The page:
Genesis 13:1-2 (NIV) 1 So Abram went up from Egypt to the Negev, with his wife and everything he had, and Lot went with him. 2 Abram had become very wealthy in livestock and in silver and gold.
Verses 1-2: Remember who Lot is. Lot was Abram’s nephew, the son of Abram’s deceased brother Haran (Genesis 11:27). After Haran died, Lot and Abram lived together in one household under care of Abram’s dad Terah (Genesis 11:31). When Terah died, Abram took Lot under his wing and became a father figure in Lot’s life. Practically speaking, because they lived so close to each other for much of their lives, Abram saw Lot like a younger brother and cared for him that way (see verse 8).
Genesis 13:3-4 (NIV) 3 From the Negev he went from place to place until he came to Bethel, to the place between Bethel and Ai where his tent had been earlier 4 and where he had first built an altar. There Abram called on the name of the LORD.
On verses 3-4: Along the journey to Canaan Abram passes the first altar he ever built and worships God there. Here we see one of the benefits of creating a tangible reminder of times when the Lord spoke to you, whether that tangible reminder is building an altar, writing about it in your journal, hanging a piece of art, or something else: when you create a tangible reminder of the times when God spoke to you, you extend the mileage, usefulness and impact of the word God spoke to you. That’s because you’ll be inclined to think about that word more often and remember it for longer.
Genesis 13:5-9 (NIV) 5 Now Lot, who was moving about with Abram, also had flocks and herds and tents. 6 But the land could not support them while they stayed together, for their possessions were so great that they were not able to stay together. 7 And quarreling arose between Abram’s herdsmen and the herdsmen of Lot. The Canaanites and Perizzites were also living in the land at that time. 8 So Abram said to Lot, “Let’s not have any quarreling between you and me, or between your herdsmen and mine, for we are brothers. 9 Is not the whole land before you? Let’s part company. If you go to the left, I’ll go to the right; if you go to the right, I’ll go to the left.”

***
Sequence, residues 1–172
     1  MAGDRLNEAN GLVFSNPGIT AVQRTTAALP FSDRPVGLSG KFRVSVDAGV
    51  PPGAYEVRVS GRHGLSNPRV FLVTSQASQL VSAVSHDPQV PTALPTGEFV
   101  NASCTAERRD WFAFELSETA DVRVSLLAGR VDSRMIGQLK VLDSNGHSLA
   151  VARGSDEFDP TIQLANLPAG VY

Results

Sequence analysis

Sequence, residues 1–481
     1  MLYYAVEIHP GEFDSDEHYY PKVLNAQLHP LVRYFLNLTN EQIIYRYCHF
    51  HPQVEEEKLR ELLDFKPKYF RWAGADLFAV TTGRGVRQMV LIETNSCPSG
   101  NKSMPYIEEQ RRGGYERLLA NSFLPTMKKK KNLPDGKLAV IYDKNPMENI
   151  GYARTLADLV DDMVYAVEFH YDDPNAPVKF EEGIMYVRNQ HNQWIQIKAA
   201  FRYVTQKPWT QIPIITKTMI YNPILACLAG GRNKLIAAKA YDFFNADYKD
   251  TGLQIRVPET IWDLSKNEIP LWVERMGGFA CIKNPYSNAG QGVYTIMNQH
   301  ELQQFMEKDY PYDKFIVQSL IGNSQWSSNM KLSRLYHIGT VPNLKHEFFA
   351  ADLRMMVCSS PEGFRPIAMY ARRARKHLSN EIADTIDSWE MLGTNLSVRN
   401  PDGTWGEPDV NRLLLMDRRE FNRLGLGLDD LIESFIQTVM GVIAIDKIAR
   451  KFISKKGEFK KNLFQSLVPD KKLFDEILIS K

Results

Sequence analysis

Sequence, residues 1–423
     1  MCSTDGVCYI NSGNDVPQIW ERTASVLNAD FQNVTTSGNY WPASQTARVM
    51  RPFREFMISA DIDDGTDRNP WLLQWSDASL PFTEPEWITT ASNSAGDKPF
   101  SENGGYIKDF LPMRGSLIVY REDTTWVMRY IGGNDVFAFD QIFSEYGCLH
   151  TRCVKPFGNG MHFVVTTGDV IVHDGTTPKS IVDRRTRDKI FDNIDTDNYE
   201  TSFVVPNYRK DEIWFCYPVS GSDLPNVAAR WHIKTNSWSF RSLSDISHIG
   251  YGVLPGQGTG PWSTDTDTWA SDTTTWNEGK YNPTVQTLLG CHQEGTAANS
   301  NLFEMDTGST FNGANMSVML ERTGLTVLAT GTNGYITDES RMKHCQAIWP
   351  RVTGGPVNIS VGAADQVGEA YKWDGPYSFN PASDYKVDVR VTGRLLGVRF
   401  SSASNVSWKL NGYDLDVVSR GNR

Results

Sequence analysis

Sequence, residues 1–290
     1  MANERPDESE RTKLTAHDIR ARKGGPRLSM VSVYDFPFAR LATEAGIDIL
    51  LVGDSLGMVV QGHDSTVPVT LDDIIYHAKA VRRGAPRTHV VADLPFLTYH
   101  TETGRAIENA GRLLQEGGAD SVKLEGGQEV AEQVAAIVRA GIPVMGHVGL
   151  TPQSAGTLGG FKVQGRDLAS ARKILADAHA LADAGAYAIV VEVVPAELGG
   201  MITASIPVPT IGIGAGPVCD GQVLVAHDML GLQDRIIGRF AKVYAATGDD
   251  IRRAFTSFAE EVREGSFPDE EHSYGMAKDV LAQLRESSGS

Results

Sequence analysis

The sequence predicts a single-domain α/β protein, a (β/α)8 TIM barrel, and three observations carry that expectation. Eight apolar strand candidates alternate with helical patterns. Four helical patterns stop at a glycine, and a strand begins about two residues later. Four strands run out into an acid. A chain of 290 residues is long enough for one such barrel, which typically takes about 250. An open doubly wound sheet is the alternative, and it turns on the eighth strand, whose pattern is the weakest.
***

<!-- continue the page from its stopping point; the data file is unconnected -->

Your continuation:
On verses 5-9: Sometimes the most peaceful way to resolve a conflict is for the two people in conflict to agree to go in different directions. In this case we see that Abram initiates resolution to the tension between him and Lot. He even puts Lot’s interests ahead of his own, allowing Lot to choose any part of the land that Lot wanted, even if it meant that Abram would get the shorter end of the stick. I believe Abram did this because Abram learned his lesson from acting selfishly in Egypt (Genesis 12:10-20) and also because Abram loved his nephew Lot. Abram’s actions here remind me of Philippians 2:3-5: “Do nothing out of selfish ambition or vain conceit, but in humility consider others better than yourselves. Each of you should look not only to your own interests, but also to the interests of others. Your attitude should be the same as that of Christ Jesus”. Because Abram put the interests of his nephew Lot ahead of his own, God blessed Abram.